Red Riding Hood (M)

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The ViewHamilton Review

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Review byTenani French28/03/2011

Two out of Five stars
Running time: 100 mins

Amanda Seyfried is about the only thing keeping this film from a one star rating. With a preposterously stupid plot, uninspiring lead men and the pacing of a snail with a walking frame you’ll be out of the theatre before the credits hit the top of the screen.

What's it all about?

Valerie (Seyfried) is a beautiful young woman torn between two men. She is in love with a brooding outsider, Peter (Fernandez), but her parents have arranged for her to marry the wealthy Henry (Irons).

Unwilling to lose each other, Valerie and Peter are planning to run away together when they learn that Valerie's older sister has been killed by the werewolf that prowls the dark forest surrounding their village. For years, the people have maintained an uneasy truce with the beast, offering the creature a monthly animal sacrifice. But under a blood red moon, the wolf has upped the stakes by taking a human life.

Hungry for revenge, the people call on famed werewolf hunter, Father Solomon (Oldman), to help them kill the wolf. But Solomon's arrival brings unintended consequences as he warns that the wolf, who takes human form by day, could be any one of them. As the death toll rises with each moon, Valerie begins to suspect that the werewolf could be someone she loves. As panic grips the town, Valerie discovers that she has a unique connection to the beast--one that inexorably draws them together, making her both suspect and bait.

The Good
The Wolf is up there with Aslan and the polar bear from The Golden Compass in terms of photo-realistic animal effects, though it’s often jumping around the place so fast you don’t get to really take it in. As previously stated Amanda Seyfreid is magnetic as always and does her best with the withered dialogue. She seems to have practiced her best “shocked stare” pose, and it comes in handy many times during this film.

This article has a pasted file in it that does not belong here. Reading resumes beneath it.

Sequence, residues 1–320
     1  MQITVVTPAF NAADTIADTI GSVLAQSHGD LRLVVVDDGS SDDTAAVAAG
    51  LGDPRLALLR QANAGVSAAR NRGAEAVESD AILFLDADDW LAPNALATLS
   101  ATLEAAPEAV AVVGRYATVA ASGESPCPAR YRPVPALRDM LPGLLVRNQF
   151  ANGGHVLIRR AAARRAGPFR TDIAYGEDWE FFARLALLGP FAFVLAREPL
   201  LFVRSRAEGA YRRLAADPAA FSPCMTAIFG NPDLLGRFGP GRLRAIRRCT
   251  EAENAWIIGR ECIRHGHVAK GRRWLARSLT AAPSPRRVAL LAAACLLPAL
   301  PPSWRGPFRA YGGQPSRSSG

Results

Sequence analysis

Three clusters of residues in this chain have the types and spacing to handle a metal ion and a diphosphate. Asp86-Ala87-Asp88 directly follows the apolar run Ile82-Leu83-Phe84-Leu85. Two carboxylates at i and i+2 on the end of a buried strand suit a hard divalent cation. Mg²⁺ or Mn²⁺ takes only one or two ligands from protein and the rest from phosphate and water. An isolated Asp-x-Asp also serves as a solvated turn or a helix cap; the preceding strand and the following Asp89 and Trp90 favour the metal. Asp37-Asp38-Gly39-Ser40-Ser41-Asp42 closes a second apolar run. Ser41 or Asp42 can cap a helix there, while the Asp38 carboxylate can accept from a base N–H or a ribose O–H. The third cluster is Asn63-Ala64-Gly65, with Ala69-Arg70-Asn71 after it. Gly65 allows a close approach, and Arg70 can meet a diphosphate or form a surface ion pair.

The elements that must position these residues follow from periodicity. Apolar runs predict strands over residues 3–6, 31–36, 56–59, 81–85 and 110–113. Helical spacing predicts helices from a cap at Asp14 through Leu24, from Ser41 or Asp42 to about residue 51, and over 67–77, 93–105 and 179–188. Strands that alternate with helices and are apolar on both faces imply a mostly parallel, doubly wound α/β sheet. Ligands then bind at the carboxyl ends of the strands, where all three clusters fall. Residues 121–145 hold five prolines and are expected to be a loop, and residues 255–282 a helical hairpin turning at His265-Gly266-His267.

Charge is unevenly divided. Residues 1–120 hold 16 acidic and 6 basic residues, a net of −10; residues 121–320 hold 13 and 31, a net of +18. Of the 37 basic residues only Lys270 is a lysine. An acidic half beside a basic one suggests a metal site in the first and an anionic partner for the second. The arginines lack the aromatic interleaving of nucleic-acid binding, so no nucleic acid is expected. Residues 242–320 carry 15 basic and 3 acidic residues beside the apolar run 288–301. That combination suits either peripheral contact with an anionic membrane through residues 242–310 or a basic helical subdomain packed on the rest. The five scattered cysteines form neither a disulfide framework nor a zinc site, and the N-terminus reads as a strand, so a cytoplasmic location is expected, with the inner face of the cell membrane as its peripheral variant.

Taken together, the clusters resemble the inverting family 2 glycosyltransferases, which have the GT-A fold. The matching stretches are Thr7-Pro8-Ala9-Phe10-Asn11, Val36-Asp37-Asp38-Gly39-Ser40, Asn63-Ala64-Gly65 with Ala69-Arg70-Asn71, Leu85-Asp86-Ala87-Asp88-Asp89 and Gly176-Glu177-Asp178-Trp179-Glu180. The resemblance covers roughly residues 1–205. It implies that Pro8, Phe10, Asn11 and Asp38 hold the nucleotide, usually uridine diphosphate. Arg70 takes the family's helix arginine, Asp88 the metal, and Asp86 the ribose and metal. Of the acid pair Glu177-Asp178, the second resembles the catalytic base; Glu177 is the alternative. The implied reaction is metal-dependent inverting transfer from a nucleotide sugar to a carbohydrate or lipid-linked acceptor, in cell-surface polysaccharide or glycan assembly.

The Bad
Unfortunately, even with Seyfried in the lead the film limps along with all the script cheese of Twilight (which curiously shares a director with Red Riding Hood). The two leading men seem like they were cast solely for their looks and not their acting ability (another similarity to Twilight?) and there are a number of gaping plot holes left unanswered. The film suffers from a strange coupling of flat acting and random, over-the-top action sequences.

Red Riding Hood feels like a middle-aged woman’s sexual fantasy (again, Twilight) and I found myself simply waiting for it to be over.

Worth seeing?
The offspring of Twilight and a fairy tale is about as painful as you might expect. The film is proof that some fairy tales should be left alone, unless you have a Red Riding Hood fetish.



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Red Riding Hood (M)
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Content updated: 16/09/2019 20:39

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